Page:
Finding life in the solar system: A new synthesis
Astrobiology is a new interdisciplinary science with cosmic import. It incorporates such disciplines as biology, microbiology, ecology, molecular biology, biochemistry, geology, paleontology, space and gravitational biology, planetology, and astronomy. Its mission to find extraterrestrial life even captured the government's attention when Jack Farmer (Department of Geological Sciences at Arizona State University) testified about NASA's efforts to explore for extraterrestrial life before the Committee on Science in the U.S. House of Representatives on July 12, 2001.
Farmer will present a new synthesis of ideas on how the burgeoning field of geobiology is playing a key role in our search for life in the Solar System on Thursday, November 8, at the Geological Society of America's annual meeting. His synthesis will include part of his testimony recorded in the Congressional Record.
A number of dynamic factors have led to the rise of astrobiology as a science. Scientists have realized that most of Earth's biodiversity is microbial and that large complex microbial ecosystems found in hydrothermal environments can exist entirely on chemical energy. One intriguing hypothesis (with obvious importance for astrobiology) is that life got started in hydrothermal environments. Could hydrothermal environments have been cradles for life on other planets? Discoveries of new forms of life on Earth that thrive in extreme environments broadened the possibilities that similar forms of life might also exist under similar extreme conditions beyond the Earth. Research on other planets and their moons are revealing the presence of environments that compare well with discoveries on Earth, and so there is even more reason to think that they could also sustain life.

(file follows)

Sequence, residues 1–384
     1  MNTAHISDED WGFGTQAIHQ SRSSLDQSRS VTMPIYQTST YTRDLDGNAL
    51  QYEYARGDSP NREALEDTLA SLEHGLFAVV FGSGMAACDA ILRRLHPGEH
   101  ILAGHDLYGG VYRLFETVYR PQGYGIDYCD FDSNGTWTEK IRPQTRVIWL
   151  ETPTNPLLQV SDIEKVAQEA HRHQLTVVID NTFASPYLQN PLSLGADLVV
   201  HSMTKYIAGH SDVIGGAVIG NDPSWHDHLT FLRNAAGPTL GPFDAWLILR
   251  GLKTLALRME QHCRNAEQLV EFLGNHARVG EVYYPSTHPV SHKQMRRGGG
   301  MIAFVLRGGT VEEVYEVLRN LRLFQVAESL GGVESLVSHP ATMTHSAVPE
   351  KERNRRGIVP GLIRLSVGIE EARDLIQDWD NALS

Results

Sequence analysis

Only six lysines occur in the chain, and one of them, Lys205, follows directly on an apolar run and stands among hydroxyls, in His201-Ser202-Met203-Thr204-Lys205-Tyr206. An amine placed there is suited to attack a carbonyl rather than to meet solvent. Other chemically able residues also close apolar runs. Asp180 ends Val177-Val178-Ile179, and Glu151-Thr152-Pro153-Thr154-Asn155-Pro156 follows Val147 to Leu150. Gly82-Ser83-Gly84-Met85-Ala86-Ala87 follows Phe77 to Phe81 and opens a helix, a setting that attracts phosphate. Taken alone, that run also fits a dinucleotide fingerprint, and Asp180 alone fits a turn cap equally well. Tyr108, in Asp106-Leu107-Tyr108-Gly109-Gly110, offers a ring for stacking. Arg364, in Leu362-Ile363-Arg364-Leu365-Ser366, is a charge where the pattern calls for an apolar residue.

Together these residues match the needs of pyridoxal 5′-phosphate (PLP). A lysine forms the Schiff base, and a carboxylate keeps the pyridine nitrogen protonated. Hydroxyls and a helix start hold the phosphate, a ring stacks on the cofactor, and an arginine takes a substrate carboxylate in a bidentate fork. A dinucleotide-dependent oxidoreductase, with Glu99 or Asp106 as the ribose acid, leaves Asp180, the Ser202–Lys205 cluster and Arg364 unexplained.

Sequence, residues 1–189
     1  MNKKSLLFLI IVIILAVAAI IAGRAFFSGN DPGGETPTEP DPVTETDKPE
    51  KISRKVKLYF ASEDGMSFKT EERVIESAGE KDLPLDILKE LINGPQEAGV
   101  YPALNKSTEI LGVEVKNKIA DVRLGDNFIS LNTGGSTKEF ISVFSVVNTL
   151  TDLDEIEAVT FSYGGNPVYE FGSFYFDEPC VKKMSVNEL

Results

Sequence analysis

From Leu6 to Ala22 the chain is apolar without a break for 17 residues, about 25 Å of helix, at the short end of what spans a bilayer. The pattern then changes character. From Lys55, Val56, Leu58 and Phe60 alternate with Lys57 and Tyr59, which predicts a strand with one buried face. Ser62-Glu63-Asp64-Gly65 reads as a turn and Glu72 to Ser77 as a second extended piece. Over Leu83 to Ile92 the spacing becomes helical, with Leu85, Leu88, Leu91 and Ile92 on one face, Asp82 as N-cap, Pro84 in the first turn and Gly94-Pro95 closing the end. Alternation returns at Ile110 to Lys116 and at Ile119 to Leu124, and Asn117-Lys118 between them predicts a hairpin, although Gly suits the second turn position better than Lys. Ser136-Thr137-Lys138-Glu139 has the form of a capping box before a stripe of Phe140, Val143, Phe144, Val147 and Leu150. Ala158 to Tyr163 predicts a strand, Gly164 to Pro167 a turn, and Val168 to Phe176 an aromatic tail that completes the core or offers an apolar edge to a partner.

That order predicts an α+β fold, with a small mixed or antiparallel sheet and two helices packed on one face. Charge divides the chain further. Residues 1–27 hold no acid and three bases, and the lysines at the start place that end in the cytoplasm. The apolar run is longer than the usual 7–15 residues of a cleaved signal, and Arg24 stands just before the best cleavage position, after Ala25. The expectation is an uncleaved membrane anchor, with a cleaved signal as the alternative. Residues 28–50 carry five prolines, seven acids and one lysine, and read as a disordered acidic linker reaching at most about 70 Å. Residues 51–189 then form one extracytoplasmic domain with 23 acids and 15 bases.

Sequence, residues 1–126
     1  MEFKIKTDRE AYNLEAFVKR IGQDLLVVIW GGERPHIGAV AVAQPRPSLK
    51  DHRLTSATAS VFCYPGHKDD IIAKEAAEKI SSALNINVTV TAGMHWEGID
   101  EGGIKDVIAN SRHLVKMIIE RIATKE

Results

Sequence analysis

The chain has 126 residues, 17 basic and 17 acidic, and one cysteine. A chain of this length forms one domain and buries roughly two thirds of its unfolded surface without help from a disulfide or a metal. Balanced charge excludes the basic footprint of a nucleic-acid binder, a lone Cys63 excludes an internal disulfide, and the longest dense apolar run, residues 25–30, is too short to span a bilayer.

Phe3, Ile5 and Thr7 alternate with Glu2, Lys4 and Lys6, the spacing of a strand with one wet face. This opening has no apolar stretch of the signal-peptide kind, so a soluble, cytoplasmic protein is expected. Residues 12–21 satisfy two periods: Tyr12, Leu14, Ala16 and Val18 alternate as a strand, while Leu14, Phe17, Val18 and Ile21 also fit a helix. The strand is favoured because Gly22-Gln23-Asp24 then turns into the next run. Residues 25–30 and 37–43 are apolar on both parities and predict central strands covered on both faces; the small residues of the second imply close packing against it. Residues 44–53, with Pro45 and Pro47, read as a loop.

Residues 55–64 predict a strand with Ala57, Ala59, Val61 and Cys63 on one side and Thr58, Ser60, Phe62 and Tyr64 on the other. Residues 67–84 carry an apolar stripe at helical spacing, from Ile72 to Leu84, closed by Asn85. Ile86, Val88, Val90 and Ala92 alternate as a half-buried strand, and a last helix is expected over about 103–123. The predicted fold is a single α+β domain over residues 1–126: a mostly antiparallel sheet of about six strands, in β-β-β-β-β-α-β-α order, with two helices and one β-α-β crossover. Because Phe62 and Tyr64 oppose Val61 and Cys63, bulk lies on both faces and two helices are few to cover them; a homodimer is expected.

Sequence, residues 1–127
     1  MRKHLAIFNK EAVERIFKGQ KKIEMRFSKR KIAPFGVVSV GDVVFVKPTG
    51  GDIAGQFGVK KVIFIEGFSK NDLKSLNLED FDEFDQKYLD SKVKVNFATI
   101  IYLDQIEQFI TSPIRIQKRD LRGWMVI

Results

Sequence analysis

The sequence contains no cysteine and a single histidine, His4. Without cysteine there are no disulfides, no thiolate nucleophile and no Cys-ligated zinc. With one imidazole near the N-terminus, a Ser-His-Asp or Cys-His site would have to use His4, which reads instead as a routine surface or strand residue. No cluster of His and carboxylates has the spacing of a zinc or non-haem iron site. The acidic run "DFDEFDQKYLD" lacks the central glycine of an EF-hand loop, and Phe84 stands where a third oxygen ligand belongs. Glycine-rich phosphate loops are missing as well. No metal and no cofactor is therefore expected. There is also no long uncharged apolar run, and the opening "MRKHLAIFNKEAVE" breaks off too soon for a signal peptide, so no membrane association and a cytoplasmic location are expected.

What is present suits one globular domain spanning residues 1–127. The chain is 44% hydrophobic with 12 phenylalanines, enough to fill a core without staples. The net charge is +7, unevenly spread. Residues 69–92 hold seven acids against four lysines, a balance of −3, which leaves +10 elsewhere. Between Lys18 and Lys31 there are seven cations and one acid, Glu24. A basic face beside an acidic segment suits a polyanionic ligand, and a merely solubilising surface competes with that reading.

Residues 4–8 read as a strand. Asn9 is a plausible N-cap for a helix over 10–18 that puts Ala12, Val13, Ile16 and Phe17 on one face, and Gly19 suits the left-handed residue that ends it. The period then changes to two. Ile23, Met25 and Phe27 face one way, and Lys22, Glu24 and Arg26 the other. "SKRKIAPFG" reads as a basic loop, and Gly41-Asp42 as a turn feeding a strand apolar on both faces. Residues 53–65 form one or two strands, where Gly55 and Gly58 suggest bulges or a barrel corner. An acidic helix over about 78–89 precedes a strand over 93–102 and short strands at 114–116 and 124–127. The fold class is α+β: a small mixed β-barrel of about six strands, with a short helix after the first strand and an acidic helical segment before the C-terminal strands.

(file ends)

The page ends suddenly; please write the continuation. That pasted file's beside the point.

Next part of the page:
"As a member of the NASA Astrobiology Institute and Director of ASU's Astrobiology Program, I have continually come into contact with wonderfully visionary scientists who are helping expand the horizons of astrobiology," Farmer said. "This has been my main source of inspiration. I guess at the bottom line, it's just an exciting time to be in science."
Geological Society of America. November 2001.
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